"Well, some specialists believe that the people as a community do not have specific features, that only individuals have them. I find it hard to accept this position because if people are using the same language, live in a common state, on a common territory with a certain climate, if they have common cultural values and history, they are bound to have some common features. 
As for our people, our country, like a magnet, has attracted representatives of different ethnic groups, nations and nationalities. Incidentally, this has become the backbone not only for our common cultural code but also a very powerful genetic code, because genes have been exchanged during all these centuries and even millennia as a result of mixed marriages. 
And this genetic code of ours is probably, and in fact almost certainly, one of our main competitive advantages in today’s world. This code is very flexible and enduring. We don’t even feel it but it is certainly there. 
So what are our particular features? We do have them, of course, and I think they rely on values. It seems to me that the Russian person or, on a broader scale, a person of the Russian world, primarily thinks about his or her highest moral designation, some highest moral truths. This is why the Russian person, or a person of the Russian world, does not concentrate on his or her own precious personality… 
Of course, in everyday life we all think about how to live a wealthier and better life, to be healthier and help our family, but these are still not the main values. Our people open themselves outward. Western values are different and are focused on one’s inner self. Personal success is the yardstick of success in life and this is acknowledged by society. The more successful a man is, the better he is. 
This is not enough for us in this country. Even very rich people say: “Okay, I’ve made millions and billions, so what next?” At any rate, everything is directed outward, and oriented toward society. I think only our people could have come up with the famous saying: “Meeting your death is no fear when you have got people round you.” How come? Death is horrible, isn’t it? But no, it appears it may be beautiful if it serves the people: death for one’s friends, one’s people or for the homeland, to use a modern word.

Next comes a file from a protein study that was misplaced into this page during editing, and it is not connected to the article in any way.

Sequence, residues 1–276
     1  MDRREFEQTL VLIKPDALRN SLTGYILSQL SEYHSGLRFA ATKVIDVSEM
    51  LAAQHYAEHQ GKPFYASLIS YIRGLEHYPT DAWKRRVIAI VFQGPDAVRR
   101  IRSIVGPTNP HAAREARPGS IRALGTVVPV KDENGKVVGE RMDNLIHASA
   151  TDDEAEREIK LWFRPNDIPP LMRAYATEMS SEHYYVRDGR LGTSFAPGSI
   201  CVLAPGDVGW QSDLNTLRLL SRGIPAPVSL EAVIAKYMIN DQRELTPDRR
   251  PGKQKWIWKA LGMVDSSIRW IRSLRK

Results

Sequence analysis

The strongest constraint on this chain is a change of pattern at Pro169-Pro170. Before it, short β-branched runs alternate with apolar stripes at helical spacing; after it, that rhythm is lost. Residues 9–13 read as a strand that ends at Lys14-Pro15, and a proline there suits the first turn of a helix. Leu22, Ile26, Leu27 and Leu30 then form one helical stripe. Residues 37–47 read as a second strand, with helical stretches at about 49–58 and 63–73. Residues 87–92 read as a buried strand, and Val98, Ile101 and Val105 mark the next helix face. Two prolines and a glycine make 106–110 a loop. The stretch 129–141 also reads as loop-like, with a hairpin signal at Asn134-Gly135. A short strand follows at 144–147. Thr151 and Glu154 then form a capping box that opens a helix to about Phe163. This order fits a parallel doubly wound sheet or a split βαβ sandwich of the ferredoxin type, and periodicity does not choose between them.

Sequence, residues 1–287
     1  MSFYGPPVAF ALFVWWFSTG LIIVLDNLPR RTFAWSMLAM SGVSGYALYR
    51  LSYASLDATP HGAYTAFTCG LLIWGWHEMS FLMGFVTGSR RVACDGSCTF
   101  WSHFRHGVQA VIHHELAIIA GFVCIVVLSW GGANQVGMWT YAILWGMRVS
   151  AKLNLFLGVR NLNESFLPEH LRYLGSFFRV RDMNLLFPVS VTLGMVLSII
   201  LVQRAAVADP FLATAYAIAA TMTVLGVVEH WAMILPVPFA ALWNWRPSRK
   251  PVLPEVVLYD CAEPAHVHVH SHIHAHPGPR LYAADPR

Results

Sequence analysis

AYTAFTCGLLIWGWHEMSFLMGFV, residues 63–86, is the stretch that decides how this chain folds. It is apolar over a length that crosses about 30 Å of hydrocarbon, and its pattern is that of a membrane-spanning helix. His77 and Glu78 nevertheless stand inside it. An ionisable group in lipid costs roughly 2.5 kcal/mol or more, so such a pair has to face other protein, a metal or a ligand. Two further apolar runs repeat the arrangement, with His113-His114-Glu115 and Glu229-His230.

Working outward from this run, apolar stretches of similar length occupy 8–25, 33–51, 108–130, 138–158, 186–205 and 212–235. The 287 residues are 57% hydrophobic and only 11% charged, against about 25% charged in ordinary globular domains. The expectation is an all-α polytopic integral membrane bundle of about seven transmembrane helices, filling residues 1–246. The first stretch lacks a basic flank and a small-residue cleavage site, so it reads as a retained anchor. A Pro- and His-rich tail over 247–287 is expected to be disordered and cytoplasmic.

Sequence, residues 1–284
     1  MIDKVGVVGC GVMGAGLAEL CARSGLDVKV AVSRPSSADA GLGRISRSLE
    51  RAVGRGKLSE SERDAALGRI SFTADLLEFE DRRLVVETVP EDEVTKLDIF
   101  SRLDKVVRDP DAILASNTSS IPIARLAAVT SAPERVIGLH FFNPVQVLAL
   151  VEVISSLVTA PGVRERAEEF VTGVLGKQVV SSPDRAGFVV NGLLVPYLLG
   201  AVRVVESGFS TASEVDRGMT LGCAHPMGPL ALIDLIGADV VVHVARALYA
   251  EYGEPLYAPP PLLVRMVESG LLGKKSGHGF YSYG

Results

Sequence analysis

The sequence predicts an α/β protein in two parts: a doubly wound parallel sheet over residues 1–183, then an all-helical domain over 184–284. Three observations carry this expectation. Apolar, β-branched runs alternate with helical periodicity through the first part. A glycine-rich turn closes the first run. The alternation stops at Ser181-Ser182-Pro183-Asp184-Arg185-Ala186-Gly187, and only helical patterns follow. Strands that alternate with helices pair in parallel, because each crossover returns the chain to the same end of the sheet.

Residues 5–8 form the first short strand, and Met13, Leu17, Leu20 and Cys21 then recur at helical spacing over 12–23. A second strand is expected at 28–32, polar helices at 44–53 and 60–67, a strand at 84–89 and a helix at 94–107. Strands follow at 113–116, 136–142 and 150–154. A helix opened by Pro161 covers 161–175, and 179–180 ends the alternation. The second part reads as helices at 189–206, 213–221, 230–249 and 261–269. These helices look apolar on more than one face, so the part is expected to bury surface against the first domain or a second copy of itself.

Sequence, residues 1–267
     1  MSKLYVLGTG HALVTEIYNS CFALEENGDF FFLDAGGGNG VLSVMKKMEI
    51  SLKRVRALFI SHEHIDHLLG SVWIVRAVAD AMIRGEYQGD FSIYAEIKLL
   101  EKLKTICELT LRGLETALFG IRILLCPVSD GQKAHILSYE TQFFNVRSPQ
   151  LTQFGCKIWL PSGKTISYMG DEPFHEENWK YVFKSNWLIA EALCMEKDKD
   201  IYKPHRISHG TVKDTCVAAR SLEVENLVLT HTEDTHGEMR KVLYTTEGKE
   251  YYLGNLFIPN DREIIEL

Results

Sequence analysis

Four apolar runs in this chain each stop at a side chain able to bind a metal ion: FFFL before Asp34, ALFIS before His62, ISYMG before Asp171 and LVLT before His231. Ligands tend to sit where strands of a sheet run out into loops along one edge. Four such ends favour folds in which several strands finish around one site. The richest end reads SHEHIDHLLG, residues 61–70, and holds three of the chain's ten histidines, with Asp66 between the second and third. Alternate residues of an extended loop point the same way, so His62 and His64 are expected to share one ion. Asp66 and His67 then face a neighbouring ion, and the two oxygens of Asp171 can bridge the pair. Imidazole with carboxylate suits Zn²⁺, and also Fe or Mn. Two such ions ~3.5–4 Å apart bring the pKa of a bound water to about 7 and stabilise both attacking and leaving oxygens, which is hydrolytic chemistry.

These are the deep roots of our patriotism. They explain mass heroism during armed conflicts and wars and even sacrifice in peacetime. Hence there is a feeling of fellowship and family values. Of course, we are less pragmatic, less calculating than representatives of other peoples, and we have bigger hearts. Maybe this is a reflection of the grandeur of our country and its boundless expanses. Our people have a more generous spirit.
I don’t want to offend anyone by saying this. Many peoples have their own advantages but this is certainly ours. An intensive genetic, informational and cultural exchange is going on in the modern world. There is no doubt that other peoples have precious and useful things that we can borrow, but we have relied for centuries on our own values, which have never let us down and will stand us in good stead in the future."

A crowd in Sevastopol, Crimea watching a live broadcast of Putin's public Q&A session. Image from The Guardian.

In short, Putin tried to boil down the essence of The Russian Soul into something more clearly delineated and, more importantly, more marketable, at home and abroad. We received an official confirmation (and this is as formal as it can get) that Russia - (now, apparently) a communitarian and group-oriented culture, as decreed from above - will be sticking with "traditional" values, promoting them abroad, and using that as both a point of contention with the West, but also as a tool against them.

"Cultural (or perhaps even 'Civilizational') Autarky" of sorts...?